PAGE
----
So now the latest COVID-19 casualty report. Worldwide there are 858,669 cases, 42,151 deaths, and 178,099 recovered. The get the death rate we do not uses the total infections. John’s Hopkins uses the total number infected, but since that number is always changing it is unreliable. Instead you have to use the total cases completed by either death or recovery, as the denominator. You divide the number of deaths by the number of completed cases. That rate is now 19% worldwide. In the United States there are now 188,530 total cases, 3,889 deaths and  7,251 people who have recovered, a 35% death rate. Of course as the minor infections recover the rate will most likely go down, to between 5 and 10%, not the 1-3% that some estimated just weeks ago. This is a killer virus, much worse than any flu. I’m not a scientist, but a historian. The great Spanish Influenza of 1918-19 killed over 600,000 Americans, and based on the latest estimates nearly 50 million deaths worldwide, and the populations, especially those living in major metropolitan cities, were far less than they are today.

John Barry, author of The Great Influenza: the Story of the Greatest Pandemic in History  wrote:

“overstate to make a point—warned, civilization could have disappeared within a few more weeks. So the final lesson of 1918, a simple one yet one most difficult to execute, is that those who occupy positions of authority must lessen the panic that can alienate all within a society. Society cannot function if it is every man for himself. By definition, civilization cannot survive that. Those in authority must retain  the public’s trust. The way to do that is to distort nothing, to put the best face on nothing, to try to manipulate no one. Lincoln said that first, and best. A leader must make whatever horror exists concrete. Only then will people be able to break it apart.”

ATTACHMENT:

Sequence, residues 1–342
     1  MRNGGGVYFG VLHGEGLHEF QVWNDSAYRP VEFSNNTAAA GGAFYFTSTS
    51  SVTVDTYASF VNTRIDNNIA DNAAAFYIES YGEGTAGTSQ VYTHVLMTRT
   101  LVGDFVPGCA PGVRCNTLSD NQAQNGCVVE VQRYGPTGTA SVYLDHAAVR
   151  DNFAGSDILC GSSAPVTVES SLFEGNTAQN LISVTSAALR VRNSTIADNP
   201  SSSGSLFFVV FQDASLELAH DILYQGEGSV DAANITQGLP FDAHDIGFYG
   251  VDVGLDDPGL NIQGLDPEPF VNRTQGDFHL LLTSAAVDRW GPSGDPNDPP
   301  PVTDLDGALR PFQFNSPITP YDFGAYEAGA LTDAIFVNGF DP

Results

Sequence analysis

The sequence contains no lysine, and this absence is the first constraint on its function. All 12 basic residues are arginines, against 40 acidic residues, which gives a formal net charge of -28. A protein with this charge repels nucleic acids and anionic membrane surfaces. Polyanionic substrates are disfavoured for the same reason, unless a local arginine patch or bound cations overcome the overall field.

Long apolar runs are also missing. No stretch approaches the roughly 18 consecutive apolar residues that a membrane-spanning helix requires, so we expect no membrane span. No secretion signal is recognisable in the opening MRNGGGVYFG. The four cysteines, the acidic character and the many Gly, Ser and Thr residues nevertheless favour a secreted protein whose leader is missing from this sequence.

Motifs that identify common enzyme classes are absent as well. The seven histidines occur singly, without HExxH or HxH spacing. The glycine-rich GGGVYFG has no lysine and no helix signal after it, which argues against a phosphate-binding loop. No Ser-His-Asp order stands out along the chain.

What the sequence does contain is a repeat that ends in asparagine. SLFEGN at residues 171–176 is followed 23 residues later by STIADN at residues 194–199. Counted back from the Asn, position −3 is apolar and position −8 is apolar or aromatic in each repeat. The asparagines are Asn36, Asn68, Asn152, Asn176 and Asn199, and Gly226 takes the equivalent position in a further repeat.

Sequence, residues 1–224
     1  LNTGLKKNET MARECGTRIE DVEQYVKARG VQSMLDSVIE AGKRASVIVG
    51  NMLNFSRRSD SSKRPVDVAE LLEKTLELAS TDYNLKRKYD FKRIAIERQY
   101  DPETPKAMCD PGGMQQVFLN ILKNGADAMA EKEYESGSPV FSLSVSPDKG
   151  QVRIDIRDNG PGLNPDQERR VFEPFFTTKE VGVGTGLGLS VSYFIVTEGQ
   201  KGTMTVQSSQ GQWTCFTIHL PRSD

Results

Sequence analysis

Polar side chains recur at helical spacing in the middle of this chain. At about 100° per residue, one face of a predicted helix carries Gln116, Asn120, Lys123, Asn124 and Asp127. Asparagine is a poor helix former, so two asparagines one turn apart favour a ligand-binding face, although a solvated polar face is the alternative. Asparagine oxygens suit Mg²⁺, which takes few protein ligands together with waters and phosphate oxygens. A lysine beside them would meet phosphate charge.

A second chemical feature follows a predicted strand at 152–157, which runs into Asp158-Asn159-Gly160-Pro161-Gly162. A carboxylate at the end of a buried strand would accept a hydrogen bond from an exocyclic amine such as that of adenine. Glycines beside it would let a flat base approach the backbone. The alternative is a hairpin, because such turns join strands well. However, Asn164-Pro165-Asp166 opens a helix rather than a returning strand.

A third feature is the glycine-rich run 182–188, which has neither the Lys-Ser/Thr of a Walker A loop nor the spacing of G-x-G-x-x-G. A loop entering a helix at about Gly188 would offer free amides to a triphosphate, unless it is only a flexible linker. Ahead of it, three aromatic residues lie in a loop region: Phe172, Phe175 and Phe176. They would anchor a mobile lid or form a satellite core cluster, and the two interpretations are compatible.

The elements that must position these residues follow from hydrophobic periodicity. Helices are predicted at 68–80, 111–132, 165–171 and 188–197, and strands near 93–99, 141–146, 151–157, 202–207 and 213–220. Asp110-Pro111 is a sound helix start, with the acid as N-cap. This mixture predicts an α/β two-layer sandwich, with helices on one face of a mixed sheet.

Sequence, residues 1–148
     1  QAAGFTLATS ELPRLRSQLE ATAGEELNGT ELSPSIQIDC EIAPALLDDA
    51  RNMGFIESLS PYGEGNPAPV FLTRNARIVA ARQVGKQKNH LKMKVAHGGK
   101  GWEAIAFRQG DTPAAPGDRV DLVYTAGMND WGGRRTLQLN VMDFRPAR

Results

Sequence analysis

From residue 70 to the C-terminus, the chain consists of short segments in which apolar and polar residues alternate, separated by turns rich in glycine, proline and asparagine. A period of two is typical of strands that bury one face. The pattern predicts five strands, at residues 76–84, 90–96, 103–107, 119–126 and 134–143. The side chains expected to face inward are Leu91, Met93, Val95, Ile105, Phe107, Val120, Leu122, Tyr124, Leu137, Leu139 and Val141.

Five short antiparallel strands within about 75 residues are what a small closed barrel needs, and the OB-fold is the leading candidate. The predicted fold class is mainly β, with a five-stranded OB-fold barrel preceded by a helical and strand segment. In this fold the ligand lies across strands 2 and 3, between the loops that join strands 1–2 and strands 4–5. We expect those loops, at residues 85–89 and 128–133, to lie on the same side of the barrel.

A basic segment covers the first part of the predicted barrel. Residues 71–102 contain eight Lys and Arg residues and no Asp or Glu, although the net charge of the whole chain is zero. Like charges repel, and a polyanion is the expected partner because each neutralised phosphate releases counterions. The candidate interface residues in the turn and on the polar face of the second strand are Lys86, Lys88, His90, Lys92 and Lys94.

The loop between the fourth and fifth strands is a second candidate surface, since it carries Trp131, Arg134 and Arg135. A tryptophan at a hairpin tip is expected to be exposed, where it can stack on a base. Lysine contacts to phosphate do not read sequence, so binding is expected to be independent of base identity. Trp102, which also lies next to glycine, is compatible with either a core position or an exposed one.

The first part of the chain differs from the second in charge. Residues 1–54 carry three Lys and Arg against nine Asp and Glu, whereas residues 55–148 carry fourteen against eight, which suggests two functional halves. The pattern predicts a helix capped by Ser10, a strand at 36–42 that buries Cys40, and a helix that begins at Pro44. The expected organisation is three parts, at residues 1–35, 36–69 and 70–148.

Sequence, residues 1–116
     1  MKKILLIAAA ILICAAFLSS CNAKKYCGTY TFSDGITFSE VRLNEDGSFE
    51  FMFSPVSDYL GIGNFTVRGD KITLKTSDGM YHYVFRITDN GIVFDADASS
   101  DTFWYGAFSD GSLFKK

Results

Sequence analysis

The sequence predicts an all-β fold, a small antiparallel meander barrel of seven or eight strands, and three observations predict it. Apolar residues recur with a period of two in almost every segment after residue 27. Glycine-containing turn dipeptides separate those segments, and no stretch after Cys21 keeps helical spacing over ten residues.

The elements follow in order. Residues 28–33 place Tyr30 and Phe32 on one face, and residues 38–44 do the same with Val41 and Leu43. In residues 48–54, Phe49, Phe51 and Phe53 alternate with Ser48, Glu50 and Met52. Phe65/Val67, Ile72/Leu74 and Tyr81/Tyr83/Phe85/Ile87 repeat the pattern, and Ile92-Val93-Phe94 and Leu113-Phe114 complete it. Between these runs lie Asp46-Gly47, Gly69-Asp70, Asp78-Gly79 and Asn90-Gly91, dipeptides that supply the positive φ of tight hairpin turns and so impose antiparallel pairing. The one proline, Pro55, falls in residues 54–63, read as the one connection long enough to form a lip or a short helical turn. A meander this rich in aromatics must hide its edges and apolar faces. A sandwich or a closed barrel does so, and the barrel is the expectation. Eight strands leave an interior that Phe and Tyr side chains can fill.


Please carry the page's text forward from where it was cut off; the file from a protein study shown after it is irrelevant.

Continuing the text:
The lesson is that truth even in the face of unimaginable disaster and loss of life, must be told. The same is true with how to mitigate the threat. Fear is a natural response, and anyone involved in a war, which this is, is not unreasonable, especially when there is no vaccine, should demonstrate a measure of reasonable fear. General George Patton wrote words that should be absorbed by everyone facing this virus today:

“If we take the generally accepted definition of bravery as a quality which knows no fear, I have never seen a brave man. All men are frightened. The more intelligent they are, the more they are frightened.”

That means that we can be frightened, yet brave. We must continue to life life and care for others even as we use social distancing and other prevention measures.

As Captain Jean Luc Picard in Star Trek the Next Generation said: “the first duty of every Starfleet officer is to the truth, whether it’s scientific truth, historical truth or personnel truth…”

Our leaders regardless if the are political, scientific, media, military, religious, or medical leaders must tell the truth, and then do the hard things in order to survive without becoming the dystopia of a world like the Mad Max films, novels like 1984, or so many examples from history and fiction.

We need leaders who tell the truth, and we need to act, despite our fears to defeat this threat. As Winston Churchill said in Britain’s darkest hour, “I have nothing to offer but blood, toil, tears and sweat,” our leaders regardless of party or ideology have to stop offering meaningless but comforting words, and tell the truth. If they don’t we will experience worse than we could imagine. As the English comedian Rowan Atkinson uttered in the BBC comedy series, Black Adder: “a fate worse than a fate worse than death.”